For children who are looking for a new activity both physically and mentally rewarding, a karate studio in Santa Monica just may have the solution.

Karate for Inner City Kids (KICK), a program that provides martial arts training to those between ages three and 19, offers free classes six days a week at its Santa Monica studio, 2202 Pico Blvd.

KICK was founded in January 1991 by Vassie Naidoo, a sixth-degree black belt in the Goju-Ryu style of karate, as a way to help disadvantaged children from different backgrounds.

By teaching the values of martial arts, KICK has influenced children to change negative behavioral traits and replace them with positive traits. The program teaches karate to be used in a meaningful and respectful way.

“We want the kids to learn self-defense, but we teach self-control so they’re not using it (karate) in the street,” said Naidoo, who is also KICK’s chief instructor.

A main result of the program is that within one year, nine out of ten children participating will show an increase in physical activity and academic performance, and a decrease in incidents of disruptive behavior.

Classes, which are taught by black-belt instructors and range in size from ten to 30 students, are held between 4:30 and 5:30 p.m. Mondays through Fridays, and 9:30 to 11 a.m. Saturdays.

Although classes are free, the program is supported by donations, and many student expenses are paid through scholarships.

The idea for KICK came from Naidoo’s native country of South Africa more than 30 years ago.

Naidoo, who has been a martial artist for 38 years, said many minority children at that time wanted to learn karate but could not afford lessons.

“A lot of them were interested in learning, so I decided to start a free program for them to help keep them off the streets,” he said.

When Naidoo came to the U.S., he decided to continue the idea with KICK, which has trained hundreds of children since the early 1990s.

The Santa Monica studio is the only KICK location, but training is also offered through outreach programs at some schools and community centers, including the Boys & Girls Club of Venice.

Between 45 and 60 children who train regularly at least twice a week are currently enrolled in KICK classes, which include children of diverse backgrounds and ages.

Andrea Daly, KICK president, said about half of the students attending the studio classes are either minorities or from single-parent families.

When children enroll in the KICK program, the goal for instructors is to emphasize physical fitness as well as the aspects of discipline and focus, Daly said. By learning discipline, children will also make improvements at school and at home, she said.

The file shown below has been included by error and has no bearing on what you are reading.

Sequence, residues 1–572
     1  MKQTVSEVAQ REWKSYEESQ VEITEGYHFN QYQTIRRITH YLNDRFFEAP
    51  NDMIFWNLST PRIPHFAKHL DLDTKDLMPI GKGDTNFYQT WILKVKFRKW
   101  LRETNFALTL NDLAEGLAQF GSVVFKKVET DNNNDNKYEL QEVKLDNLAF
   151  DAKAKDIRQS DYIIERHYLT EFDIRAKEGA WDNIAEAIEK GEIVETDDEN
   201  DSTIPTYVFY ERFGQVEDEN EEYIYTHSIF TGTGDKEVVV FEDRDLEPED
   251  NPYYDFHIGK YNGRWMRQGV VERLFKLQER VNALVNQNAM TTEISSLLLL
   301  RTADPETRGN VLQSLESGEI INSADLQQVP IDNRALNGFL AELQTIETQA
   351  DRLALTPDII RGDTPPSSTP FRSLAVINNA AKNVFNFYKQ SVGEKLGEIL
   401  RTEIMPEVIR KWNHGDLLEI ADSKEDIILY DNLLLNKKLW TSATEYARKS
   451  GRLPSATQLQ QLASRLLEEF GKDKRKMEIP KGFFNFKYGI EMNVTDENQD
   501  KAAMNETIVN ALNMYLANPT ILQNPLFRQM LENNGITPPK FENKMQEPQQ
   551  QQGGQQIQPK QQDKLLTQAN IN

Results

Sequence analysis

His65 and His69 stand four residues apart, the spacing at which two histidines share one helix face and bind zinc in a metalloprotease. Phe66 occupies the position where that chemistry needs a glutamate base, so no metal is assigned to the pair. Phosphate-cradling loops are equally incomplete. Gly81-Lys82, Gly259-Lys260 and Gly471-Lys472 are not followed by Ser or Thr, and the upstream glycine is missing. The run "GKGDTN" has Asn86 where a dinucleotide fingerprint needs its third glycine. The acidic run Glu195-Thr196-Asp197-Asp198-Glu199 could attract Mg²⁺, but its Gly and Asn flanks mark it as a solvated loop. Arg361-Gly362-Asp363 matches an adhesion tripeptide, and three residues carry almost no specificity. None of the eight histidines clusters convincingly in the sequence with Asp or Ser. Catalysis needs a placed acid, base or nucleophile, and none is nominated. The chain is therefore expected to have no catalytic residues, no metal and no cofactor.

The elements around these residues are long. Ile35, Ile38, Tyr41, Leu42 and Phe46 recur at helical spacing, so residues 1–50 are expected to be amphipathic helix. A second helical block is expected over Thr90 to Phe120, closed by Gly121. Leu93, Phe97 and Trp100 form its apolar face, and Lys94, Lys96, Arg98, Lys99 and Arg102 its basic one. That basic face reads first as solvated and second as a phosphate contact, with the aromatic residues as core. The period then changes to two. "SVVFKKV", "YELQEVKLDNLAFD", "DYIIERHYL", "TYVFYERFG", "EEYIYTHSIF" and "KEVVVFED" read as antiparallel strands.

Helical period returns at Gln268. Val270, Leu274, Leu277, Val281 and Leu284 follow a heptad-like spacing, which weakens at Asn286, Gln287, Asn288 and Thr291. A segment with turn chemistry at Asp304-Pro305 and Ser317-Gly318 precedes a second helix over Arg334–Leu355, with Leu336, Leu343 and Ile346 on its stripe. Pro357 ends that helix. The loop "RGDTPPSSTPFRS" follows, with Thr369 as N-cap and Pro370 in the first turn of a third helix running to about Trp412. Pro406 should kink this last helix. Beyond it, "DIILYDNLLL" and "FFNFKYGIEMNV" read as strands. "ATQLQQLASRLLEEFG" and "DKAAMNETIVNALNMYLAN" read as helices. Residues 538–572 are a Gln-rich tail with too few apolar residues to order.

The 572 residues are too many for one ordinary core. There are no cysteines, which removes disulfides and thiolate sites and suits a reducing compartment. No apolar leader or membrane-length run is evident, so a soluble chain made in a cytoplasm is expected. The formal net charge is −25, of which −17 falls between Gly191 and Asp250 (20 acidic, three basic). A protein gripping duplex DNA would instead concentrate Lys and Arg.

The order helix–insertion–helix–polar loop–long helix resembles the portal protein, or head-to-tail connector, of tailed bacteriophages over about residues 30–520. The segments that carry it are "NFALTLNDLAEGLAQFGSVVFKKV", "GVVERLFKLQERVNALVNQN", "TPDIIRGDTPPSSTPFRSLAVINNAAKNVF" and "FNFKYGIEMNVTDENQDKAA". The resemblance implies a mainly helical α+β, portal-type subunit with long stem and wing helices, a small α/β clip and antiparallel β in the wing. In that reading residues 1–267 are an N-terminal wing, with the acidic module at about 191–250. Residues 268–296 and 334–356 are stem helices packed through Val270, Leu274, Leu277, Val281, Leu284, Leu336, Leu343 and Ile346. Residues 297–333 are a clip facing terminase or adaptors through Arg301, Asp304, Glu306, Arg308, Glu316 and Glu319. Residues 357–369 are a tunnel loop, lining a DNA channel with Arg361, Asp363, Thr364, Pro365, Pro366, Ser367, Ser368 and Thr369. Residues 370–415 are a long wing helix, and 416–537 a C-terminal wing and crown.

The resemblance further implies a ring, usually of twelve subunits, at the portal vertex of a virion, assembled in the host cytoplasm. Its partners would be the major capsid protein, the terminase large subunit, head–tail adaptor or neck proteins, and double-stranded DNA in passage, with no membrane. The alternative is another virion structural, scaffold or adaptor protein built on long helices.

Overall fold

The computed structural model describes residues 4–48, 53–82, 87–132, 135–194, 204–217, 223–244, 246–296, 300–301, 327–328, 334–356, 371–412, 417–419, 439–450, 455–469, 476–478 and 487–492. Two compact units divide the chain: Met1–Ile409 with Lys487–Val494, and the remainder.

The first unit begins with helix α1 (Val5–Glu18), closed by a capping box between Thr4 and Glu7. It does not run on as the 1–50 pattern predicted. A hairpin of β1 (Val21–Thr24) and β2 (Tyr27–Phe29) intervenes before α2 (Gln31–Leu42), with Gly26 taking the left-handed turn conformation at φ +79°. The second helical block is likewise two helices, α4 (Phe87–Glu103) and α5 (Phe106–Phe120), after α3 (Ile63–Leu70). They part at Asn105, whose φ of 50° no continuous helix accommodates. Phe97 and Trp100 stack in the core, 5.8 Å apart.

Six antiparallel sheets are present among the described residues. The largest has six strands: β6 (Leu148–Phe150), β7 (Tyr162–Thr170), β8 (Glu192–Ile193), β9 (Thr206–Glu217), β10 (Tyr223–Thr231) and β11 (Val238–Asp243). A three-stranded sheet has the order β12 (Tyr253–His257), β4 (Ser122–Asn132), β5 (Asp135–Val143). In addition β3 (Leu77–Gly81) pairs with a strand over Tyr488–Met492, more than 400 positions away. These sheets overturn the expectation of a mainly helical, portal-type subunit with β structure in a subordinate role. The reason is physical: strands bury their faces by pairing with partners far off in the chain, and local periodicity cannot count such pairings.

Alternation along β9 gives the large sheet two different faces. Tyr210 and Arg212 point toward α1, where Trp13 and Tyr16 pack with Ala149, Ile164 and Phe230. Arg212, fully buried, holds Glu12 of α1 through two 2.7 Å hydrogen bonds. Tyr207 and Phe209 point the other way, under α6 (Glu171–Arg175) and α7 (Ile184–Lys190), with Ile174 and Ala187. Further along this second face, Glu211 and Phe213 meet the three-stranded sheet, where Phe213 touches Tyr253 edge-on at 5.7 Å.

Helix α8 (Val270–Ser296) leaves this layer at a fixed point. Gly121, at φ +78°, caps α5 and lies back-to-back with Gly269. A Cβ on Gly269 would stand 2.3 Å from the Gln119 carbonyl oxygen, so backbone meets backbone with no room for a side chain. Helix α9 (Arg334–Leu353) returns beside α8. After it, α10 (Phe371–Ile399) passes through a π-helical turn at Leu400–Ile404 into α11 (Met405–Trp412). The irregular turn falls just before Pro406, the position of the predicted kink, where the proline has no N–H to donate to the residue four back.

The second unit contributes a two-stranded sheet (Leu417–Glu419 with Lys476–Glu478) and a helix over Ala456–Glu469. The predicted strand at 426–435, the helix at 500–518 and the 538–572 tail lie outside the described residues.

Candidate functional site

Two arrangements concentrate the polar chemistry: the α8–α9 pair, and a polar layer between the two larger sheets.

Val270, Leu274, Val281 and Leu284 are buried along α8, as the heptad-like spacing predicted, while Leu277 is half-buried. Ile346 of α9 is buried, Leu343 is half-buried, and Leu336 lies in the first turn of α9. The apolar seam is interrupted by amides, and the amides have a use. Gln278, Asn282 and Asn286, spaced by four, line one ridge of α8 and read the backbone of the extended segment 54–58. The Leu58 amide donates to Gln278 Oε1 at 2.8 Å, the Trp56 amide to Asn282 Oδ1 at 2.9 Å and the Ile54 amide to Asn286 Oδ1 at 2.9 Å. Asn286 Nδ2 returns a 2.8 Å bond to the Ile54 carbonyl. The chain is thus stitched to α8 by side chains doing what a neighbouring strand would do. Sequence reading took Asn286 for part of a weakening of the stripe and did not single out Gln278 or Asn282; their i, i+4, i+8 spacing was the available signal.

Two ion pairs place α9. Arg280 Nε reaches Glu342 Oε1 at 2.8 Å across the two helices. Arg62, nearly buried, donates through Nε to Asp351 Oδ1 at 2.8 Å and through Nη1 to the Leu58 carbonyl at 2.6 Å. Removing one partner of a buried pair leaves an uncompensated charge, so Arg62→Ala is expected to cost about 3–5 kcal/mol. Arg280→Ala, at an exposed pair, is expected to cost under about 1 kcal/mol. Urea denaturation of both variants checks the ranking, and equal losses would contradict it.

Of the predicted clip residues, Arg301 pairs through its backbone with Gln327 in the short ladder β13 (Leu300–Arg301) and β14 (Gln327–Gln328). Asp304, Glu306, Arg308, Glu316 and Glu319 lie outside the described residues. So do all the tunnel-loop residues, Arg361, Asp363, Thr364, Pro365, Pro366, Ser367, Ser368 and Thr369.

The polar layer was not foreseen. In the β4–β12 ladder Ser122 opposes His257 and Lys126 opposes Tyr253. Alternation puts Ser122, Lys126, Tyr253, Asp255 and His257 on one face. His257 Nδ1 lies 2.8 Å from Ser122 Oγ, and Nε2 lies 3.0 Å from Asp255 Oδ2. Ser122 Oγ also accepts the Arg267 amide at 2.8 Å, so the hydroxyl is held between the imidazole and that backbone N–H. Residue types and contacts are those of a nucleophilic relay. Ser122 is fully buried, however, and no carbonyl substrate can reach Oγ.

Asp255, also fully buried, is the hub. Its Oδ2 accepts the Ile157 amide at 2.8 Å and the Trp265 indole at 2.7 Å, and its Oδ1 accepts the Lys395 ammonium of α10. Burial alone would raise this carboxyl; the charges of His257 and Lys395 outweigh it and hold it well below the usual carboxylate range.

“With the kids, the most important thing is to teach the discipline aspect because it helps in everything,” said Daly, a second-degree black belt in Goju-Ryu karate.

“We embrace the philosophy of physical control.”

Naidoo said karate training also has an influence on self-respect. While karate may seem like an unusual activity to teach young children, it improves balance and coordination, which help in every other sport, he said.

The Goju-Ryu style of karate, which is taught in the classes, is one of the major traditional styles of karate. Goju-Ryu karate “combines the hard and soft aspects of engagement,” Daly said.

“It’s a very disciplined style of martial arts and a very traditional, practical style,” Naidoo said.

The experience of karate has impacted the children of KICK by offering a number of physical, mental and emotional benefits, Daly said. Children have increased their physical fitness, improved academic performance, learned respect for adults and increased self-esteem, she said.

“In every class there’s a reward, like the experience of doing their best block.”

One 12-year-old who is a junior black belt in the KICK program and has taken karate classes for six years says she has benefited in many ways:

“I don’t get bullied as much. Even though I’m active, it keeps me physically active.”

Parents have also expressed gratitude for the KICK program.

The parent of one ten-year-old boy who is a junior white belt in the program says her son has expressed serious interest in karate, which has helped with his discipline.

“He comes here very happy to do it and it’s great exercise for him,” the parent said. “He seems to be very dedicated.”

Although hundreds of kids have already experienced the rewards of KICK, Daly said the goal is to expand the program with more students and to continue to do more outreach at schools.

“If we can reach one out of every ten kids that’s a big accomplishment,” Naidoo said.